We get it – customers pay the bills. Hopefully, they know enough about what they want from an engine to either guide your build sheet or understand what they DON’T know to stay out of your way. One of the leading complaints we hear from Engine Builder readers is that search engines, social media and online forums make everyone think they’re an expert. Sometimes this translates to exercising influence over your purchase decision. Eight percent of survey respondents say customers have “a great deal” of influence; 18 percent say “a lot;” 46 percent say “some;” 18 percent say “a little;” and 11 percent say “none at all.”
Readers say their customers might actually be getting more discerning about products in cases where they make the purchases. While 43 percent say quality is the most important factor, 35 percent buy on price. Product performance is cited by 13 percent as the primary factor. Brand reputation (8 percent) and support (2 percent) close out their influences.
Private label and house-brand products are often a very important part of an engine builder’s tool kit when it comes to building a customer’s perfect engine. How do customers perceive these parts?
We can report that 9 percent see them as better value than brand name products; 33 percent see them as equivalent to brand names; 44 percent characterize them as acceptable economic products; and 14 percent perceive them as “cheap knockoffs.”
Educating customers about the value of house and private label products is often the responsibility of the engine builder, and can be a difficult, but necessary part of customer service. How do professionals get information about new products? We continue to be excited by the results of this question.
Though many outsiders have long proclaimed the death of print, a solid 68 percent of respondents say they still learn about parts and products through print magazines (although this number is down from 78 percent last year). Fifty-seven percent use internet searches; 51 percent visit manufacturers’ websites; 50 percent get information from parts suppliers; and 45 percent use tradeshows for their information gathering needs. Digital newsletters (36 percent of respondents), magazine websites (28 percent), digital magazines (19 percent) and videos (15 percent) offer guidance (blatant self-promotion: go to www.enginebuildermag.com to learn more about what we have in all of these formats). In addition, TV Shows (14 percent), Training Seminars (14 percent), Chat rooms/forums (13 percent) and Webinars (12 percent) can fill training needs in some cases.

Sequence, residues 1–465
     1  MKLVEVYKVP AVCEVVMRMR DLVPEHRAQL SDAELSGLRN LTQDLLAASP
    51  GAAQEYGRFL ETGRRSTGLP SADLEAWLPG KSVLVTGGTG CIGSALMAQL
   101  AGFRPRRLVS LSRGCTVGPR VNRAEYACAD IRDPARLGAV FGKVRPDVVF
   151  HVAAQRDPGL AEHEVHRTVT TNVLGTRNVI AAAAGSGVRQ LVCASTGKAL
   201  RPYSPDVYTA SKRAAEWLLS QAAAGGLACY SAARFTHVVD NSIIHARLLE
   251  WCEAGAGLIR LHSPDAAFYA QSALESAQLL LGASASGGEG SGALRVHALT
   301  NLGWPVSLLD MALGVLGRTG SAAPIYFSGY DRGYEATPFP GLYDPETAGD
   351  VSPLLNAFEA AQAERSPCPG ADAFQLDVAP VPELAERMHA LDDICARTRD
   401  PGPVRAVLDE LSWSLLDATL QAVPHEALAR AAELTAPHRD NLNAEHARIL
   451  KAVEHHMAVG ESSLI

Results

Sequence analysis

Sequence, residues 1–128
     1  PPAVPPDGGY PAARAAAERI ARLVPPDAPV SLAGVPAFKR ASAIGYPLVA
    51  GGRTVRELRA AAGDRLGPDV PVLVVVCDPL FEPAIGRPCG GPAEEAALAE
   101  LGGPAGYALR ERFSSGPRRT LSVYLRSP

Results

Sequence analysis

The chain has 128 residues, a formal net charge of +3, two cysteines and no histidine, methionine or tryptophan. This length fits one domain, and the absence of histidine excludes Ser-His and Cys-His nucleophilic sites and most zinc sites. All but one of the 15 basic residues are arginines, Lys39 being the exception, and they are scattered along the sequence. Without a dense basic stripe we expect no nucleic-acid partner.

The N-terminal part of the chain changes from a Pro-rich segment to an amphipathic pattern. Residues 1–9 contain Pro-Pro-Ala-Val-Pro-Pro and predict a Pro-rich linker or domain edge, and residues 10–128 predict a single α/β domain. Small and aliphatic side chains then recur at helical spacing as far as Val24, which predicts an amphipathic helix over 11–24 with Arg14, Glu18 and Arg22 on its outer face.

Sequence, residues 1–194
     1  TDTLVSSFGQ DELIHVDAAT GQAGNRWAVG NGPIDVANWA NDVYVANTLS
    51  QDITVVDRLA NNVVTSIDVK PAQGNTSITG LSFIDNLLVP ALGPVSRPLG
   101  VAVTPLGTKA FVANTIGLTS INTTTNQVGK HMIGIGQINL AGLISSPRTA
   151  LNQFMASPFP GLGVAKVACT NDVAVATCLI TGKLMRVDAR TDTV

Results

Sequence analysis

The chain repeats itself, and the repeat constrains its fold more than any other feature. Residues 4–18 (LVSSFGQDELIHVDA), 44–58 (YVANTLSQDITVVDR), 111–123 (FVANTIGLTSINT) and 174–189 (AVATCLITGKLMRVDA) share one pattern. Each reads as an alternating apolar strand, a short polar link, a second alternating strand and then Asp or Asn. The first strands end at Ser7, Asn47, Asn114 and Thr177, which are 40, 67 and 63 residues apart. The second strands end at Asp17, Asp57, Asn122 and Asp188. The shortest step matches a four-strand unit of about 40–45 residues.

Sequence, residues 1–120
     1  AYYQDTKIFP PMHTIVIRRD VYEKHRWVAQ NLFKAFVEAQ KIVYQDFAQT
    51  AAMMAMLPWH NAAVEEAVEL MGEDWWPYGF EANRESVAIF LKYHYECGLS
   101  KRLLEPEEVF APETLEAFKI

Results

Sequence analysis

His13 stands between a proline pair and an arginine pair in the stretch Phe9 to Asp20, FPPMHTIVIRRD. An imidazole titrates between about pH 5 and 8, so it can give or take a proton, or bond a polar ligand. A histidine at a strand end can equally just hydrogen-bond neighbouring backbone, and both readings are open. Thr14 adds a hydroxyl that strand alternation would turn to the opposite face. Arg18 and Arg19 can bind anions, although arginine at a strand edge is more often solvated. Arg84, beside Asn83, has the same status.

In addition to answering our questions, we offered survey respondents the chance to tell us in their own words their greatest buying/sourcing challenges.
Here are some of the comments:
• “Since I specialize in ‘any engine old and unusual,’ I am constantly trying to source odd parts. I have a number of people who know somebody who might have what I need.”
• “Out of stock and backorders for performance parts is a problem. It seems like my suppliers are making smaller batches and carrying less inventory.”
• “A lot of the time, my WD can’t sell parts to me low enough for me to mark them up and still sell at retail. Competing against an 8.5% no sales tax advantage is killing me.”
• “I’m just not always sure of the technical features and benefits.”
• “I have to watch not to over-build what the customer can afford.”
• “Getting the customer to agree to buy top quality parts.”
Luckily, some engine builders say “challenge” is an overused word. “I honestly can’t think of any real problems – things are going real well.” That’s the positive attitude we like to hear at the end of the year. We’ll report next year on whether those good times have continued.